Little said NGB’s top initiative this year to reduce suicides involves creating an integrated primary prevention workforce – people in psychology, sociology and social work with expertise in preventing harmful behavior like suicide and sexual assault.

According to the Pentagon report released Oct. 27, the Army is rolling out the Integrated Prevention Advisory Group to help commanders address harmful behavior at every level.

The Army Guard will add 325 personnel as part of the implementation plan.

“They’re there to provide the analytics of what’s going on in their particular state,” said Little. “They’re there to establish prevention programs. They’re there to advise the command of problem areas, per se, that they can provide resources to.”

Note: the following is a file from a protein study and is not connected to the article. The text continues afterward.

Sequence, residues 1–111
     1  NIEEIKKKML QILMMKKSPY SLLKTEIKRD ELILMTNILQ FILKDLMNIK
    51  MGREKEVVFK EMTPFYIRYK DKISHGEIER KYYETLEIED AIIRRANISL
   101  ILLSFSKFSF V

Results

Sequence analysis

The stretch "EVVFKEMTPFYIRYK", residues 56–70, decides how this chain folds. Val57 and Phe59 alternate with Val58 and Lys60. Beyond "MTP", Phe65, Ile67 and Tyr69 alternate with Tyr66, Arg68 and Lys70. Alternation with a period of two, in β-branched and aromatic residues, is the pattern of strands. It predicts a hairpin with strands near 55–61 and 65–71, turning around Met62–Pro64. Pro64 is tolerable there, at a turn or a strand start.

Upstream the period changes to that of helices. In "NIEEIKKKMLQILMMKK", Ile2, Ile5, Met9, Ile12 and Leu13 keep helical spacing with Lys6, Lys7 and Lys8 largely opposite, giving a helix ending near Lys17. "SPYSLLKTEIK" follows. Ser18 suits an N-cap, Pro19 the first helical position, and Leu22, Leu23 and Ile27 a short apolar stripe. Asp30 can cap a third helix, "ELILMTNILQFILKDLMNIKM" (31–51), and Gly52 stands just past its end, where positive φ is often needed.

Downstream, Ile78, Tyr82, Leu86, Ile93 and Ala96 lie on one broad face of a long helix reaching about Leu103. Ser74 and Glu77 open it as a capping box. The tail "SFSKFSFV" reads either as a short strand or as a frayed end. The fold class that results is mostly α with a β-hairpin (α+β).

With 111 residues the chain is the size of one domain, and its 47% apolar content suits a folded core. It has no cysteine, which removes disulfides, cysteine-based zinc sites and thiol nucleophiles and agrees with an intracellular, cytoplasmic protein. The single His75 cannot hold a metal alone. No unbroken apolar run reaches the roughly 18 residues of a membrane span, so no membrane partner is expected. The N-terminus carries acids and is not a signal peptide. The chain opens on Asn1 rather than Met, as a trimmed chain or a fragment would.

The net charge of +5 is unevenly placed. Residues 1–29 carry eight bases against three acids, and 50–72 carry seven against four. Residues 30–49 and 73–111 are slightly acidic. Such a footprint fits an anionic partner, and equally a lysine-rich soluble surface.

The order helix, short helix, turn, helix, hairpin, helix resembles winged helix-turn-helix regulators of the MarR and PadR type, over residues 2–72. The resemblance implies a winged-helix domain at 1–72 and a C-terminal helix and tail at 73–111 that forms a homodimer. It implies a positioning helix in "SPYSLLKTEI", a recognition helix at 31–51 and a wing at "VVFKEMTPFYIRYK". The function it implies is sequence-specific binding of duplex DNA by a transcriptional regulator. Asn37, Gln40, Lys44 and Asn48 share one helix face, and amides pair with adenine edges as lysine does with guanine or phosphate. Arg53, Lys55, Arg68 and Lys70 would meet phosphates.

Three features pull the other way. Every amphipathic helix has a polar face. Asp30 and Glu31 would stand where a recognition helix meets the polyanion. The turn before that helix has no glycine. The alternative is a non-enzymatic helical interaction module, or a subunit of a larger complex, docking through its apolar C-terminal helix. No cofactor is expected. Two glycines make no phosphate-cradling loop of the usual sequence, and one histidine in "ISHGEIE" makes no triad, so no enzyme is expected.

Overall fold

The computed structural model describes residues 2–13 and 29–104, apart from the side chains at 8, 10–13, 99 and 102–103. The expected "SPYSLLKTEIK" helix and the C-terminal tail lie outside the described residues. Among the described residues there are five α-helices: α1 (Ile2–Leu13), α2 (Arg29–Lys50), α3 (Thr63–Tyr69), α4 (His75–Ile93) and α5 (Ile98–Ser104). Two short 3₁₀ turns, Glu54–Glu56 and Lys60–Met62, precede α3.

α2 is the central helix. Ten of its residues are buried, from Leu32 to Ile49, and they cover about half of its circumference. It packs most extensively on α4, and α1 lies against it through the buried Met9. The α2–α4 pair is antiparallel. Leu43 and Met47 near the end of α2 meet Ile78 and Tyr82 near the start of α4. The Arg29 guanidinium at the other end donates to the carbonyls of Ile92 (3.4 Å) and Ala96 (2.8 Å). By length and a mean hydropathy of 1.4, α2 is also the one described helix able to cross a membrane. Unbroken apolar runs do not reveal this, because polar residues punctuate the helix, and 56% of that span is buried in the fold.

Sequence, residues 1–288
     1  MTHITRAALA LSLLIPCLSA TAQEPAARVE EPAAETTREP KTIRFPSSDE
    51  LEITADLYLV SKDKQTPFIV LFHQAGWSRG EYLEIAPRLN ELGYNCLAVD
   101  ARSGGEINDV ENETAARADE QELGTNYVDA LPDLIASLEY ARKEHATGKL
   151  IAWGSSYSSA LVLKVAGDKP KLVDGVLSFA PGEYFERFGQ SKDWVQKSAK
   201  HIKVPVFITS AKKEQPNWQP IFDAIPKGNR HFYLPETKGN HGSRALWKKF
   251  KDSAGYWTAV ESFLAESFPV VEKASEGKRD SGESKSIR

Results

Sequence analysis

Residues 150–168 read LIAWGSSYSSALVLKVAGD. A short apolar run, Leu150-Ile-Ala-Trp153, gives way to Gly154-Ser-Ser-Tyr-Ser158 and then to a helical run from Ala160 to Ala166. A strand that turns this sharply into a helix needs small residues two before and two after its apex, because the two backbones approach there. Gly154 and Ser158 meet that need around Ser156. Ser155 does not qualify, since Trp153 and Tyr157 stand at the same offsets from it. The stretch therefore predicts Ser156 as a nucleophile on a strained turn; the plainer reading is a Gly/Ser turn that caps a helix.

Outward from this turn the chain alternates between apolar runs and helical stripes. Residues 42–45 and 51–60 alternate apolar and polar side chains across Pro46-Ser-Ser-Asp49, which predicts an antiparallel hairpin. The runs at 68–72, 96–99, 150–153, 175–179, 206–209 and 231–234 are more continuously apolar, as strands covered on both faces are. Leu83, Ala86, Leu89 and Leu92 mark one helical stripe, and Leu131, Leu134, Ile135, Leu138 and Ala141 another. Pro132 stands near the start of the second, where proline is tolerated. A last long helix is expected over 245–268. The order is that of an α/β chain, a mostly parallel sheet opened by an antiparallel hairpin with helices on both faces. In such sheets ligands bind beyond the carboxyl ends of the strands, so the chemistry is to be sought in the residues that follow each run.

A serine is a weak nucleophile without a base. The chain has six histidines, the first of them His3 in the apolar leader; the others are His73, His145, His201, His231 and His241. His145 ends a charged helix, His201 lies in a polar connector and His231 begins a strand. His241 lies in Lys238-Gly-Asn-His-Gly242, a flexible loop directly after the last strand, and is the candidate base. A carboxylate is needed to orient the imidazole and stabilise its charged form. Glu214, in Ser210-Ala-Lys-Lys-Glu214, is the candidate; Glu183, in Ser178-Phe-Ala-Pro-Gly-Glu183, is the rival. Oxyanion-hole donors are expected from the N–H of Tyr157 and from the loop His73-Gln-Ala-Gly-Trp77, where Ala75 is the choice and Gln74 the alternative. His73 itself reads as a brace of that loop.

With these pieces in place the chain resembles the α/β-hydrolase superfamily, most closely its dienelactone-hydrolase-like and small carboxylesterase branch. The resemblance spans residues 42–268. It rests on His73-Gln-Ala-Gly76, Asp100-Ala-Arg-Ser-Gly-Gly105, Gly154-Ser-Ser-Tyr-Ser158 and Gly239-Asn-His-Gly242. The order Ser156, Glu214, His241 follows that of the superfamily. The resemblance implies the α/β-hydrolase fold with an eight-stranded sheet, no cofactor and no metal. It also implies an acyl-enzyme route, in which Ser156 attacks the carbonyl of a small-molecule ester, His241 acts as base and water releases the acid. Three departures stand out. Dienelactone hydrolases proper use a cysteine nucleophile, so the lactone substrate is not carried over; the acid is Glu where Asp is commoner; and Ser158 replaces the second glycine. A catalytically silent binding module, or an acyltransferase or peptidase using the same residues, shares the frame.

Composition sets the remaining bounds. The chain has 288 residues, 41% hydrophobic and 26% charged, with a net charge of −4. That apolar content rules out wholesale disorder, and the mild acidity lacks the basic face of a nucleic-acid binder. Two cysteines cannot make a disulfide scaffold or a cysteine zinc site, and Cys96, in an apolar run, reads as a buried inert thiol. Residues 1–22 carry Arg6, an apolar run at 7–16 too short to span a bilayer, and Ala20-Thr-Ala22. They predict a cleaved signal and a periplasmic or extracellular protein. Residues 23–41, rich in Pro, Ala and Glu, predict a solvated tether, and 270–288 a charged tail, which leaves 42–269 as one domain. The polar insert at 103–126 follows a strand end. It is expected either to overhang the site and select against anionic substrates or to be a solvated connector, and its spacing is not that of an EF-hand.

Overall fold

Little said suicide is a complex issue that is not fully understood, as fluctuations in data make it difficult to identify root causes and effective preventive measures.

But behavioral research has linked military suicides to various personal issues, including financial and marital stress.

The Defense Department report showed the most common interpersonal stressor identified in suicide and suicide attempts was intimate relationship problems. Little said that continues to be one of the leading risk factors for the Guard, along with work stress, substance abuse and sexual abuse.

Firearms continue to be the primary method of suicide for service members, their spouses and dependents. Suicide attempts with guns are overwhelmingly more likely to result in death than other methods. At 72%, firearm use was the most common mechanism of injury cited in Guard reports.